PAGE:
Paragraph 304.3 in the Book of Discipline, which prohibits self-avowed practicing homosexuals from being “certified as candidates, ordained as ministers or appointed to serve in the Methodist Church,” prevents a board of ordained ministry “from ignoring statements of self-disclosure,” the decision said.
In that case, the court ruled that the consecration of a gay bishop violates church law, but said the bishop “remains in good standing” until an administrative or judicial process is completed.
About 200 people attended an April 25 oral hearing on the matter.
In total, the nine-member Judicial Council deliberated on seven docket items during its April 25-28 spring session, including a petition challenging last year’s election of a lesbian bishop, Bishop Karen Oliveto, that drew attention from church members worldwide.
That is the ruling of the Judicial Council, the denomination’s top court, in petitions related to the New York and Northern Illinois conferences, where those boards had publicly declared they would not consider issues of sexuality when evaluating a candidate.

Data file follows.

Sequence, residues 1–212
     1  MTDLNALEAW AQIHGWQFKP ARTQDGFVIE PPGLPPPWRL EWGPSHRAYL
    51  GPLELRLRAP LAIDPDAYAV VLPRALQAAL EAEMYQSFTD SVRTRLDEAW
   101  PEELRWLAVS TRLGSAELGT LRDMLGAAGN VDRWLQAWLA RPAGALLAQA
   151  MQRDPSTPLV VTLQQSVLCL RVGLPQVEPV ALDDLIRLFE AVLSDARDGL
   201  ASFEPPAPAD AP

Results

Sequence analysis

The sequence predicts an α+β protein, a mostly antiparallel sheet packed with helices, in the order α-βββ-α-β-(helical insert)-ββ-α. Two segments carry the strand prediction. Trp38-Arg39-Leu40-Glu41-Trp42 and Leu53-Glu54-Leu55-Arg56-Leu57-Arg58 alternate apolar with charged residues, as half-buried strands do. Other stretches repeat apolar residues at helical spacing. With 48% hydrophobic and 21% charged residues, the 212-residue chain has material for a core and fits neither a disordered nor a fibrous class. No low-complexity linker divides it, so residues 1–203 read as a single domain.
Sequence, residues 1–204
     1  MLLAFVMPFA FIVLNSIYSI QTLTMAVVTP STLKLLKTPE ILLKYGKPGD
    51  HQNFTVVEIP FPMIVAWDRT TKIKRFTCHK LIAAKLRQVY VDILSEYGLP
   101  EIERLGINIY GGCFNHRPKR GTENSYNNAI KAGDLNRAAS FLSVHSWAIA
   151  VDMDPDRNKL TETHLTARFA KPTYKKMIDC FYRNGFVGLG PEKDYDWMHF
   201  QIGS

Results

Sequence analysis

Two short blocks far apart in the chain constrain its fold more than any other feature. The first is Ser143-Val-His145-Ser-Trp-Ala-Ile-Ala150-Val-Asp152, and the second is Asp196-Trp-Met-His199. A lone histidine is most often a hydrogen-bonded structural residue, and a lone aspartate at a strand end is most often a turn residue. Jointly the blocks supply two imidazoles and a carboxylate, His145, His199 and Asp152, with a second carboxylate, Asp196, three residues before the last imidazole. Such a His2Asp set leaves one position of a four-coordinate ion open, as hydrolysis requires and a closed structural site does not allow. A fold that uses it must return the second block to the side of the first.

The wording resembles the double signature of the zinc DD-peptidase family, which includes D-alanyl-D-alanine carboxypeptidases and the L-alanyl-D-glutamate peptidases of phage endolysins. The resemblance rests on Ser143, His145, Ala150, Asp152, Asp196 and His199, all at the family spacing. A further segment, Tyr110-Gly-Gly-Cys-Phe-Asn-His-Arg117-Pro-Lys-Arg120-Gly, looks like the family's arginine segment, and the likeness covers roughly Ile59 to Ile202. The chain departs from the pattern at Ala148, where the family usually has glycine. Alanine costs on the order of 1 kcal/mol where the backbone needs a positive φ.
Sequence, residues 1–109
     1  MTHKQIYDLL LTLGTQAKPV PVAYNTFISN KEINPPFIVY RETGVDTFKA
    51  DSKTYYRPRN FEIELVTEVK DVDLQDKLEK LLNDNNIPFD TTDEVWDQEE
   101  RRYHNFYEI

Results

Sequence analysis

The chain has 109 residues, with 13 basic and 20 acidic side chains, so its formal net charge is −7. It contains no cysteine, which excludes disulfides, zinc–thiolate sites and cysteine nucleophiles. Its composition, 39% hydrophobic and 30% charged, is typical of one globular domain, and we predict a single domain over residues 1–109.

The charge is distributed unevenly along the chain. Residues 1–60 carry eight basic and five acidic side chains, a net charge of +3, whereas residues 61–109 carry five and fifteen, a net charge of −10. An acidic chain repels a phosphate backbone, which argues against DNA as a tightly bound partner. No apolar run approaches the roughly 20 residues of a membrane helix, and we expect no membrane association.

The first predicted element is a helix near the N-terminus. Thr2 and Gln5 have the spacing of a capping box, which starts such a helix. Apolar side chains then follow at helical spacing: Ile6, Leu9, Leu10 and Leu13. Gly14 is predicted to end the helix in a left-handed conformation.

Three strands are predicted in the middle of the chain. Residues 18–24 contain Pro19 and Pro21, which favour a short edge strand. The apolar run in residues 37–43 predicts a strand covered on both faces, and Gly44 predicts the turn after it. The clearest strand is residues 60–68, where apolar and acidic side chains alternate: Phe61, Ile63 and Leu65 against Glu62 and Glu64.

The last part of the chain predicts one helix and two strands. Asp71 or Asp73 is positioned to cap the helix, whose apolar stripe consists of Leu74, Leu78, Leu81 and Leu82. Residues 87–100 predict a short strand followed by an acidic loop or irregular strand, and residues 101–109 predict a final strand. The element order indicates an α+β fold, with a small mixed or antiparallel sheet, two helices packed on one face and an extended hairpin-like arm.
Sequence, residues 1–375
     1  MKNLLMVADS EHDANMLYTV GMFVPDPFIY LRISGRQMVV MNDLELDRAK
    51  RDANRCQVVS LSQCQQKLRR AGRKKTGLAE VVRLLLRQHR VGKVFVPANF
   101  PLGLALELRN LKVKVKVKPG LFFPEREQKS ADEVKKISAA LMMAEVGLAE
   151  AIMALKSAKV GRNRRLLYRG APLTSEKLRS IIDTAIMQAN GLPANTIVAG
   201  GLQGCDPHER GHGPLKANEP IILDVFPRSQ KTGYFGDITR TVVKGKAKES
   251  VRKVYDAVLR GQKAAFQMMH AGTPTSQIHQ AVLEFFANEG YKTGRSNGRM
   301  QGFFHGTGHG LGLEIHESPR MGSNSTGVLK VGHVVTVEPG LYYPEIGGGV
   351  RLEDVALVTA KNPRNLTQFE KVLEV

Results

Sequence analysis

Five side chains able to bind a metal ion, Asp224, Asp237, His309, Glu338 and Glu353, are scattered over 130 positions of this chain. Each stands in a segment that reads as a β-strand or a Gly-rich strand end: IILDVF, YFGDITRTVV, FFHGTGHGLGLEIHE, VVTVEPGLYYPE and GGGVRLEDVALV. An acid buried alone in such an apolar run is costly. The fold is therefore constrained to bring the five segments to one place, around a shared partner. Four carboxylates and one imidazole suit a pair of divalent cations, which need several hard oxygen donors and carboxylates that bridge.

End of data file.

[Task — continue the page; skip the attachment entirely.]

who has been accredited by a Methodist church to lead worship and preach on a regular basis.
These preachers have played an important role in Methodism since the earliest days of the movement, and have also been important in English social history.
"Local preachers" have been a part of Methodism from its beginnings as a revival movement in 18th century England.
John Wesley tried to avoid a schism with the Church of England, and encouraged those who attended his revivalist meetings to attend their parish churches but they also attended Methodist preaching services, which were held elsewhere, and met in "classes" (small cell groups).
Because of the limited number of ordained ministers he could call on, Wesley appointed local preachers who were not ordained but whom he examined, and whom he felt he could trust to lead worship and preach: though not to minister sacraments.
As the independent Methodist church developed following the schism and Wesley's death, a pattern was soon established in which ordained ministers, whose number was still limited, were attached for a short period (at first three years, subsequently five, and now more usually seven or more) to a Circuit.
The New York decision is the continuation of a petition on a bishop’s decision of law that was on the council’s October 2016 docket.